What did I think?

Louise Leighton is happily married to Michael with two happy carefree children, Brooke and Dominic, when an unfortunate event shatters her world.

Wow!  This book fell through my letterbox and didn't even hit the bookshelf - once I picked it up, it refused to be put down!  It gripped me from the very first page when Michael revealed that he had been having an affair with his sister-in-law.  He blames his actions on Louise, as she has changed after “that night”.  “That night” is the hook that had me turning page after page, long after I should have been asleep and dreaming of books, beer and cheese.

Jack Jordan has very cleverly chosen a mindless act for “that night” that sets in motion a series of events with cataclysmic consequences, resulting in a shared secret between Louise and her daughter, Brooke.  The tension was palpable as more details of “that night” emerge and the past doesn’t just come back to haunt them, it comes back to get even.

This is an exceptional debut novel; the writing is sublime with an abundance of magnificent metaphors that had me mentally applauding on every page.  This is definitely a contender for my book of the year.

I received this book from the author (via contact from my blog) in exchange for an honest review.

My rating:




Sunday, 5 July 2015

The Cherry Tree Cafe - Heidi Swain


Synopsis:

Cupcakes, crafting and love at The Cherry Tree Cafe...


Lizzie Dixon's life feels as though it's fallen apart. Instead of the marriage proposal she was hoping for from her boyfriend, she is unceremoniously dumped, and her job is about to go the same way. So, there's only one option: to go back home to the village she grew up in and to try to start again.

Her best friend Jemma is delighted Lizzie has come back home. She has just bought a little cafe and needs help in getting it ready for the grand opening. And Lizzie's sewing skills are just what she needs.

With a new venture and a new home, things are looking much brighter for Lizzie. But can she get over her broken heart, and will an old flame reignite a love from long ago...?


What did I think?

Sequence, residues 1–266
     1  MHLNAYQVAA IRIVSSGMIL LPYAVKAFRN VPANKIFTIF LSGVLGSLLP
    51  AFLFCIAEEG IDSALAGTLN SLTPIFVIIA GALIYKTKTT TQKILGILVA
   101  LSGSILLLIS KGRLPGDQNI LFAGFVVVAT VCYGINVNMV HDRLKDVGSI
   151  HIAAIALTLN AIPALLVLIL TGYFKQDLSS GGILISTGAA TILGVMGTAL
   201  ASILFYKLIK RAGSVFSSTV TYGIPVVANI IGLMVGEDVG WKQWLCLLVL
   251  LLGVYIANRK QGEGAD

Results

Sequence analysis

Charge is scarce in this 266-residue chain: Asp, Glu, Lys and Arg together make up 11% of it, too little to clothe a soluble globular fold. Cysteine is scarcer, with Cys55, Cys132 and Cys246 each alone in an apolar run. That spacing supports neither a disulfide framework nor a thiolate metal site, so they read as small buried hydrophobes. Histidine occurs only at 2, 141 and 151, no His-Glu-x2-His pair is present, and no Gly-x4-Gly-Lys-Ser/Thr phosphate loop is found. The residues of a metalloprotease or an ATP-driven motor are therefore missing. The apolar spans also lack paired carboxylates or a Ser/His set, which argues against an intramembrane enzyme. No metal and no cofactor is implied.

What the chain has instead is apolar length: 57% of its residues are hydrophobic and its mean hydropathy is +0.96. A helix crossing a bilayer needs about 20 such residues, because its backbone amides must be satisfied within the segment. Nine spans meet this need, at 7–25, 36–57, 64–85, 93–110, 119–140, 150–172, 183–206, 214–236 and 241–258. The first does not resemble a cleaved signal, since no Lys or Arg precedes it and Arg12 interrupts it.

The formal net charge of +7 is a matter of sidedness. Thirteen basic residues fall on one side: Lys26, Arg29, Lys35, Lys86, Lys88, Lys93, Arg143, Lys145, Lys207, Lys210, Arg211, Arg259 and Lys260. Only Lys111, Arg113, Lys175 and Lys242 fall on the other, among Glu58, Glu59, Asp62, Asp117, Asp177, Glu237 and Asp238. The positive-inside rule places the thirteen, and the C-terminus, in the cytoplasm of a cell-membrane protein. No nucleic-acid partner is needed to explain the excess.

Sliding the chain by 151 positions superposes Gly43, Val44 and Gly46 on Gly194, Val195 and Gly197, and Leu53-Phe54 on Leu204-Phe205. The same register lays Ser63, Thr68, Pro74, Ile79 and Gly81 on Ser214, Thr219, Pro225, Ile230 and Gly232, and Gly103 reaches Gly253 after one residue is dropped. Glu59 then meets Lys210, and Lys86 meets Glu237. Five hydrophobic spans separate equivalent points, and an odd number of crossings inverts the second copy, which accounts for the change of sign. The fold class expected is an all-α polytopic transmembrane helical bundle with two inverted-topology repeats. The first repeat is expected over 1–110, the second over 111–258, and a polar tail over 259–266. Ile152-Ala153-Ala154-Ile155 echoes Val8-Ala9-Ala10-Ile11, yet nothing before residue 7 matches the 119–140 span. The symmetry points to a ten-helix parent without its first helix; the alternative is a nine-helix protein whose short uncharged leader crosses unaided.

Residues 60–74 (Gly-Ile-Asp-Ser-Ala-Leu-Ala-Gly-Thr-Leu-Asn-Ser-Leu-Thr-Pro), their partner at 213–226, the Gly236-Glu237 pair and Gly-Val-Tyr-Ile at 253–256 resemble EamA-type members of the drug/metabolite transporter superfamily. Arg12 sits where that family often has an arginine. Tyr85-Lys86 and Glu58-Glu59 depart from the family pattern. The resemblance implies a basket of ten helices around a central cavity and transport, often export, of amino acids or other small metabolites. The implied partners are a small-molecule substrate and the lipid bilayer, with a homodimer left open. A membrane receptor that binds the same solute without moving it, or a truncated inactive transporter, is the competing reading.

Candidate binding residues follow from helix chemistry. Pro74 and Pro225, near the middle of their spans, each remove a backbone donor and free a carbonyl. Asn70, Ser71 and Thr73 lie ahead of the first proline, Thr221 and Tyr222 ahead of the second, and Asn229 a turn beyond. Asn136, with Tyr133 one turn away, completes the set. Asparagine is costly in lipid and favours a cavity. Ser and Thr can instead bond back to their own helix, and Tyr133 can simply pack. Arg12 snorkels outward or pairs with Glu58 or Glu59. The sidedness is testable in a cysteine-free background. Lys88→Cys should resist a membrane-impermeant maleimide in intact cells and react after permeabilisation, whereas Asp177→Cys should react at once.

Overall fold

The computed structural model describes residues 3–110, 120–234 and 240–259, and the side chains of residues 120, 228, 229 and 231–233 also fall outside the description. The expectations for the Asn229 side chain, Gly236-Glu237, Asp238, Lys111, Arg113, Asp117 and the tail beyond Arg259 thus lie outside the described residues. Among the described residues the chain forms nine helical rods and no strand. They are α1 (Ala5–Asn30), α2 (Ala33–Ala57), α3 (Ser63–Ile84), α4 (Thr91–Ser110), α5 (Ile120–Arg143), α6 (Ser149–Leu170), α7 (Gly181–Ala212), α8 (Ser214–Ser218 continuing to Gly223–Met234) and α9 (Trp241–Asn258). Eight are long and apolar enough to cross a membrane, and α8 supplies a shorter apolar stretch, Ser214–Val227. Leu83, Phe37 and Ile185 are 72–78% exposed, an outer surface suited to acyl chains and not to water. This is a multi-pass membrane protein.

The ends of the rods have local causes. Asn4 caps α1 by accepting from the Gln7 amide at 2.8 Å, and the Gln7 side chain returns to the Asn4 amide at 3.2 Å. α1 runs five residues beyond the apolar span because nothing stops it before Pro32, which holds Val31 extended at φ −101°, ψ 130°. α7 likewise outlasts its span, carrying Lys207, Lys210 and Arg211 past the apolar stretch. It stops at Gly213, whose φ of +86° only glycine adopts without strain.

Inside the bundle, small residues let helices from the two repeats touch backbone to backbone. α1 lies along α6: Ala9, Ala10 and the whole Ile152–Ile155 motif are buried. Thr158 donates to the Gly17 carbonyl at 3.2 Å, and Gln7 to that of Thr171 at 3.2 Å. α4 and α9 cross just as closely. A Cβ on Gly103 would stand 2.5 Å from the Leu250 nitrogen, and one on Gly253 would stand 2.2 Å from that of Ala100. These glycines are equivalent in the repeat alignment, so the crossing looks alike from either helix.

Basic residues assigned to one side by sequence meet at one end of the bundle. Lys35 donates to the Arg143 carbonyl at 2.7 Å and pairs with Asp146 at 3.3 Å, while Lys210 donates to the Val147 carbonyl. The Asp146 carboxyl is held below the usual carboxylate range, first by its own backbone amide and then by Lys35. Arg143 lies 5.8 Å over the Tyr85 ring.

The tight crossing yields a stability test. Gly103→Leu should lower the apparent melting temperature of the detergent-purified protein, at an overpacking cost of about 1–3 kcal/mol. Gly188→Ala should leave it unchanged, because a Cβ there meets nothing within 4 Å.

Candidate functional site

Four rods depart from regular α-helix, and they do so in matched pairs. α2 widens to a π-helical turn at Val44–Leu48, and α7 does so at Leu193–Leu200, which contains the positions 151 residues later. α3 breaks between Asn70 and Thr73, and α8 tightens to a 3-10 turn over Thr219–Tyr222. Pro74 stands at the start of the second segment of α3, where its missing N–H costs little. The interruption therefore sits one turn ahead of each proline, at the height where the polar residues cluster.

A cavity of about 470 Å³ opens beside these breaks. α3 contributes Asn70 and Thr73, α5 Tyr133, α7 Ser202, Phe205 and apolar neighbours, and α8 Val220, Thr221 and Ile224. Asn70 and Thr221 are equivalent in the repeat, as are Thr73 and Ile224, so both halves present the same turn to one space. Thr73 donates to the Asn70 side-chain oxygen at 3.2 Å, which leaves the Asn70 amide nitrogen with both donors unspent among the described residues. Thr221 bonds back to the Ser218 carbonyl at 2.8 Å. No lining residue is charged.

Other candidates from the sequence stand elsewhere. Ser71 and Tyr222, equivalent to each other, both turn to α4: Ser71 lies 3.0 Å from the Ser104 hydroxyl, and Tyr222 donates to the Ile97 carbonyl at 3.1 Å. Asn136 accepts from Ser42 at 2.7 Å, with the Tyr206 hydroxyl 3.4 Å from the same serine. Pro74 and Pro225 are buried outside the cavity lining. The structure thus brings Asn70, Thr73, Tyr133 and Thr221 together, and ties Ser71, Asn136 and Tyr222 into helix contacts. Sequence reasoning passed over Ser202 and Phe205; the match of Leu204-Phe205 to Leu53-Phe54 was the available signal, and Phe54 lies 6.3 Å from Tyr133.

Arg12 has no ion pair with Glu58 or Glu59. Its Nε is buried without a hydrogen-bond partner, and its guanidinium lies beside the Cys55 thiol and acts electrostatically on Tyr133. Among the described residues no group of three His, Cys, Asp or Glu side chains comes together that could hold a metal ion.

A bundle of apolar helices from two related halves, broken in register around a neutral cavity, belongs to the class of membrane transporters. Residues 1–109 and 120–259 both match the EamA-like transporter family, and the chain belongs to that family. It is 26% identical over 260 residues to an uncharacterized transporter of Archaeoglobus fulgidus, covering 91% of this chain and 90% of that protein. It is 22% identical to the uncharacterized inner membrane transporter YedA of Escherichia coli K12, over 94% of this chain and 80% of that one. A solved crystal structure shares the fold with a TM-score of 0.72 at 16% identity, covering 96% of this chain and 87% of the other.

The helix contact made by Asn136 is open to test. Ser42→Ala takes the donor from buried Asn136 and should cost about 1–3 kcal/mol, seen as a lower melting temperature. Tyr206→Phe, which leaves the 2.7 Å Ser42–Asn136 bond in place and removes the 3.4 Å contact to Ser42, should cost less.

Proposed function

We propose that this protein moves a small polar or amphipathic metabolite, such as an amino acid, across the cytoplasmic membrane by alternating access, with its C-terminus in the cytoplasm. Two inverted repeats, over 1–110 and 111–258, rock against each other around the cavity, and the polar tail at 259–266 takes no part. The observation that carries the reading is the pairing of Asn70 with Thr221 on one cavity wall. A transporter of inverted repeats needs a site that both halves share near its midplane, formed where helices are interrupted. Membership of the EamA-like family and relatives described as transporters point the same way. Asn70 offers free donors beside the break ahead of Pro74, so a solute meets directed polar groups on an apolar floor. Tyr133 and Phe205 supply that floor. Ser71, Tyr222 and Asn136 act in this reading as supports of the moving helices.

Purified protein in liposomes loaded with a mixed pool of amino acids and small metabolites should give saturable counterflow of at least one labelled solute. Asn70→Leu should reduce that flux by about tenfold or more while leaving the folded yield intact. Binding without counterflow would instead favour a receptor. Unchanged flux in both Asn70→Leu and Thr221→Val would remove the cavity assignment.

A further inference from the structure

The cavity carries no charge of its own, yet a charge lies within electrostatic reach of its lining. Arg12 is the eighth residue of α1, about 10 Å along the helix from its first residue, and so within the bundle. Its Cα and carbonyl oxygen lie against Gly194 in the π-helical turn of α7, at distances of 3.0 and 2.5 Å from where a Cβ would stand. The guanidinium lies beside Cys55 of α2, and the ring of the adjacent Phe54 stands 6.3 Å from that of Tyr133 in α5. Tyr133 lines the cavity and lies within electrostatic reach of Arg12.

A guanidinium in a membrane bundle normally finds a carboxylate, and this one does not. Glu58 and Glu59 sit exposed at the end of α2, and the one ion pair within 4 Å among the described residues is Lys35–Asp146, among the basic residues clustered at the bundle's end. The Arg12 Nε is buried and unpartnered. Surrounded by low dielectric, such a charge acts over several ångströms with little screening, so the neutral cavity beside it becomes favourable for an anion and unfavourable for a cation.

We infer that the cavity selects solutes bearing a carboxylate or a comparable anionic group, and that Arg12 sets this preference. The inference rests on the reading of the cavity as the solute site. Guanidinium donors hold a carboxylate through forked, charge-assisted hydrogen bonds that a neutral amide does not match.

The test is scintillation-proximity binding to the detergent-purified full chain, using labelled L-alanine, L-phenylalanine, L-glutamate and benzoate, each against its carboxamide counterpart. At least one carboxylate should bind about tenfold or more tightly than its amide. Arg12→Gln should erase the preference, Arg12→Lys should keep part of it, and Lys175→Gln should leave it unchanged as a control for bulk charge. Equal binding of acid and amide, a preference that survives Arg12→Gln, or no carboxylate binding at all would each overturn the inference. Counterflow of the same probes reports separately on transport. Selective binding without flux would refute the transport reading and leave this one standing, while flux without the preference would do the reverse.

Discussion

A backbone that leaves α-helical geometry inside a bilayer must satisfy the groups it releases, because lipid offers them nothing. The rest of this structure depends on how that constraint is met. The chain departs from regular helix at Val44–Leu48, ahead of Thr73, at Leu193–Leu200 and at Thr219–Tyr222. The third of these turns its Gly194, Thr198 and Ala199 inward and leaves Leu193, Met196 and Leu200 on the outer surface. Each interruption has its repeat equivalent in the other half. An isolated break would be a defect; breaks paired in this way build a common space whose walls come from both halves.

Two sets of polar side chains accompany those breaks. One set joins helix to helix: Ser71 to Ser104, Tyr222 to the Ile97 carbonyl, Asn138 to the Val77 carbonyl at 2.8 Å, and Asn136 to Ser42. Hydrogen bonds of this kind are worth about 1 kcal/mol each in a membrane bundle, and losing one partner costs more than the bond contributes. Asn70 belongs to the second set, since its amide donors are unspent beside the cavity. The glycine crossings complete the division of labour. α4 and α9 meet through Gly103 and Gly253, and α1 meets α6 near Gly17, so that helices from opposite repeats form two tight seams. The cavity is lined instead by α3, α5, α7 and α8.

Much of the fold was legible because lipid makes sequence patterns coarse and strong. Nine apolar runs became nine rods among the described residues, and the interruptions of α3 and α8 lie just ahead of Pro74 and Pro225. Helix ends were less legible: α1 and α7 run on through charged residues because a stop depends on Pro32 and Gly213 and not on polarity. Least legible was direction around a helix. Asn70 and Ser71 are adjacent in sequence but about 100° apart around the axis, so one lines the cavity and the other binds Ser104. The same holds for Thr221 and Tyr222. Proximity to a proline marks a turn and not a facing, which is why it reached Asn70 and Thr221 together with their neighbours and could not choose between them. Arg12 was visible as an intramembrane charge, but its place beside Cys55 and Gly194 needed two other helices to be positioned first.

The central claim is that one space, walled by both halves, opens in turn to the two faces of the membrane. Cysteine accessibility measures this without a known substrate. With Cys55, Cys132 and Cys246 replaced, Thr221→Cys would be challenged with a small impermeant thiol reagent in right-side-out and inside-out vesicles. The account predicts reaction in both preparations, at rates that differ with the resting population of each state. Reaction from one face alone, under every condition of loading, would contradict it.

This was a really lovely read.  After Lizzie's break-up with Giles she moves back home and I was immediately drawn into life in Wynbridge.  It really did feel like a perfect little village where everybody knows everybody's business but, apart from the odd exception, not in a malicious kind of way.

I really enjoyed reading about Lizzie's ideas for her crafting cafe and her interactions with Ben, her old high school crush!  It was really quite cute that they were almost still acting like teenagers around each other, each one frightened to speak about their feelings. There's a really clever twist involving Ben's own heartbreak and the reasons he keeps running away, that I won't spoil here - you'll just have to read it for yourself.

When Jay, a reporter, covers the story of the crafting cafe I could feel him trying to worm his way into Lizzie's affections.  I admit, I succumbed to stereotype and felt he was a bit of a snake but he was an interesting character nonetheless.

There's a nice bit of humour in the book, in the form of Lizzie's Mum.  I immediately thought she was a bit of a Mrs. Bucket, and it was hilarious when she got carried away thinking that she had something to brag about at the coffee mornings.  Lizzie's god-daughter, Jemma's daughter Ella, is also a really funny character.  She tells it like it is!  She's a little minx at overhearing things and repeating them later, which is very true to life!

This was a lovely summer read with the tears and laughter of real life and I'll certainly be looking out for more books by this author.

I received this e-book from NetGalley in exchange for an honest review.

My rating: